Now is the right time to become an American Federation of Musicians member. From ragtime to rap, from the early phonograph to today's digital recordings, the AFM has been there for its members. And now there are more benefits available to AFM members than ever before, including a multi-million dollar pension fund, excellent contract protection, instrument and travelers insurance, work referral programs and access to licensed booking agents to keep you working.

As an AFM member, you are part of a membership of more than 80,000 musicians. Experience has proven that collective activity on behalf of individuals with similar interests is the most effective way to achieve a goal. The AFM can negotiate agreements and administer contracts, procure valuable benefits and achieve legislative goals. A single musician has no such power.

The AFM has a proud history of managing change rather than being victimized by it. We find strength in adversity, and when the going gets tough, we get creative - all on your behalf.

Like the industry, the AFM is also changing and evolving, and its policies and programs will move in new directions dictated by its members. As a member, you will determine these directions through your interest and involvement. Your membership card will be your key to participation in governing your union, keeping it responsive to your needs and enabling it to serve you better. To become a member now, visit www.afm.org/join.

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Articles, Officer Columns, Vice President from Canada

Canadian Office Prepares for Busy Season

As we enter the spring and summer seasons, the Canadian Office will be embroiled in a plethora of negotiations, both for successor and new agreements.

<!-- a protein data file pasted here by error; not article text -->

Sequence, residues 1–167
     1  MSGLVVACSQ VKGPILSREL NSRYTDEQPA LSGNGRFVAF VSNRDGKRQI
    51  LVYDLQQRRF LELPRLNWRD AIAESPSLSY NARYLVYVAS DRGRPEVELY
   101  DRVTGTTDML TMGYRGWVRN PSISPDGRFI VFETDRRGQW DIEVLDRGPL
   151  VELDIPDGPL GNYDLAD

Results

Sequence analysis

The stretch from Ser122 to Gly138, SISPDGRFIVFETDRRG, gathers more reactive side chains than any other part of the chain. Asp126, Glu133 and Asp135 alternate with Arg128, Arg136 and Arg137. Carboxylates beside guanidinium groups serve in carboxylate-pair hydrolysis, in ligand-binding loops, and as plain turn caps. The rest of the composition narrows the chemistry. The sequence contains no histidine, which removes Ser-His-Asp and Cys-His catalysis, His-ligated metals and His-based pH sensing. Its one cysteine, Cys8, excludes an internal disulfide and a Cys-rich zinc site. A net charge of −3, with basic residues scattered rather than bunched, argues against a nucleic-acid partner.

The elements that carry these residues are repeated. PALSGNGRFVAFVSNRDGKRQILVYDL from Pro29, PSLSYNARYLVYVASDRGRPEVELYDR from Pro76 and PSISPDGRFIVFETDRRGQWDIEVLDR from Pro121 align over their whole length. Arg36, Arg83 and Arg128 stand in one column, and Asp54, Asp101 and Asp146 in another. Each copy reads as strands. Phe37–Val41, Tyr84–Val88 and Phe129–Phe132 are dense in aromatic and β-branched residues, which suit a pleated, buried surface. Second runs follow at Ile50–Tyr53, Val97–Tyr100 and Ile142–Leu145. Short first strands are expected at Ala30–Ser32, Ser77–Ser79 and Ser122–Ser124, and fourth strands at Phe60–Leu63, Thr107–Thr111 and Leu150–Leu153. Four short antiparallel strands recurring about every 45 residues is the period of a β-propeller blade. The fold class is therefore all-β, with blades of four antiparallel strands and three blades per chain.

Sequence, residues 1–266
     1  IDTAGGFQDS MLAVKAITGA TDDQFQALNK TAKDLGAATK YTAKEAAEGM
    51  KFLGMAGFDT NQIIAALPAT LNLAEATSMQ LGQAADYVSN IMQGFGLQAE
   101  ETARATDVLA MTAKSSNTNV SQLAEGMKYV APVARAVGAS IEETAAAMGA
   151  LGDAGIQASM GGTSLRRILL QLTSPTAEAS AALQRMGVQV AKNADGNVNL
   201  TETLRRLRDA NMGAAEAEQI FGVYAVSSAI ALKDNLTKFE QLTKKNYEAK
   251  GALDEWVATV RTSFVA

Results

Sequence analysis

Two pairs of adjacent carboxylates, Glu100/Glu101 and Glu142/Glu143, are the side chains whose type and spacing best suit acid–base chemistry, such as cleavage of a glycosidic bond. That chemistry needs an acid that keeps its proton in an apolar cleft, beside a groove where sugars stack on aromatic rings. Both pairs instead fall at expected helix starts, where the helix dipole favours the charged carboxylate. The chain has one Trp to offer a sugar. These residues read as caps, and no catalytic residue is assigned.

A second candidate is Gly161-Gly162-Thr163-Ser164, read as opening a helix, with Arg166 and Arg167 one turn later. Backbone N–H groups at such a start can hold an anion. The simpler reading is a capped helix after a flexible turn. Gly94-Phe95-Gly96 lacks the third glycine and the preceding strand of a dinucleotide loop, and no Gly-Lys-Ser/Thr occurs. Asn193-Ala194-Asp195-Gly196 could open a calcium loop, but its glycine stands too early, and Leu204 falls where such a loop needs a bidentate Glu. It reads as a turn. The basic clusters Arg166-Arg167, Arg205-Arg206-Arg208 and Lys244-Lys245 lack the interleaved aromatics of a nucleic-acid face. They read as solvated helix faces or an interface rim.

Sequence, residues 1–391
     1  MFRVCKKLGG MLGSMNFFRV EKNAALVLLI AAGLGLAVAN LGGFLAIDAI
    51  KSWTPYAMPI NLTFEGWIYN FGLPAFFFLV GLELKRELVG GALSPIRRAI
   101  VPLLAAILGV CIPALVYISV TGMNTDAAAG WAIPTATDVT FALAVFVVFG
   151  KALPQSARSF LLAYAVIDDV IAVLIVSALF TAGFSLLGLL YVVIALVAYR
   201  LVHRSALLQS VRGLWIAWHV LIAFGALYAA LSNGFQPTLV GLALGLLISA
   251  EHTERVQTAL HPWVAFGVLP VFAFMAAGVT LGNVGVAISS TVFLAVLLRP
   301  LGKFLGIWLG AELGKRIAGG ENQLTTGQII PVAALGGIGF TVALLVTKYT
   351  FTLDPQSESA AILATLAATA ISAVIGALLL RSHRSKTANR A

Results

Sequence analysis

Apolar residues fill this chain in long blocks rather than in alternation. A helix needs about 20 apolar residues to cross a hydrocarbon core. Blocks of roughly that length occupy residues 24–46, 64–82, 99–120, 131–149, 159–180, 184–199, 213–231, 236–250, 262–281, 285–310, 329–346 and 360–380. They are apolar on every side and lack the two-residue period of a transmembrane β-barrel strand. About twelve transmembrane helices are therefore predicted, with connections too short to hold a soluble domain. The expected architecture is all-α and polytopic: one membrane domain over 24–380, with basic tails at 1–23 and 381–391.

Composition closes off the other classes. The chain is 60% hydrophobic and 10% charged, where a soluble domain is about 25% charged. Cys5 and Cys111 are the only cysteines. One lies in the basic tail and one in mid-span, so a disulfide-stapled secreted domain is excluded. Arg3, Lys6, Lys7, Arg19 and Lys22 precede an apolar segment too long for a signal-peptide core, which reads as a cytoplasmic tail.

Married to the Band

In the absence of a written agreement, there is automatic equal ownership of the assets, equal distribution of income, joint and several liability, and the duties and responsibilities are not apportioned. Quite literally, you are married to the band.


Changes at the Musicians’ Pension Fund of Canada/CBC Agreement Update

I have been advised that long-time employer trustee and chair of the Musicians’ Pension Fund of Canada, Stanley J. Shortt, has retired from the board of trustees for personal reasons.


Streaming Leads to Slim Profits

As discussed last month, album sales have dropped dramatically as consumption has moved decisively toward streaming as the preferred platform. Recent information available online through Digitalmusicnews.com paints a different picture in terms of how artists can expect to benefit from various streaming services.


Maximize Your Income from Recordings

I am pleased to report that the General Agreement for Commercial Announcements (Canada) has been ratified. While there have been some delays in editing, I expect printing and distribution to take place shortly.


Is the Album Doomed?

According to the Recording Industry Association of America (RIAA), album sales in the US for the first half of 2018 (including downloads, CDs, and vinyl) were down 25.8%, compared to a year earlier.


The Value of AFM Membership Is Realized Through Proper Contracts

The shocking thing for me is discovering that these members are unaware of benefits they should have been receiving for years, such as payments for new use of their recordings, special payments, and pension statements laden with employer contributions. After a considerable number of recordings and a substantial amount of national success, how can this be? In a word: contracts.


Canadian Federation of Musicians Bargaining Roundup

The summer and fall of this year have shaped up to be negotiation-heavy. While exhausting, we see this as an opportunity to secure better wages and benefits for our members who work under those agreements.


Union Contracts Strengthen Our Union in the Digital World

Working off-contract creates the kind of divisiveness employers look for to unravel union strength. Only by insisting that everything you do is on an AFM contract, can we hope to prevent further erosion.


Copyright Reform: Why Bother?

On May 29, I appeared before the Heritage Committee and, on June 5, before the Committee on Industry, Science, and Technology, all part of the statutory review of Canada’s Copyright Act. Why is this important, and how does it affect you, our members?








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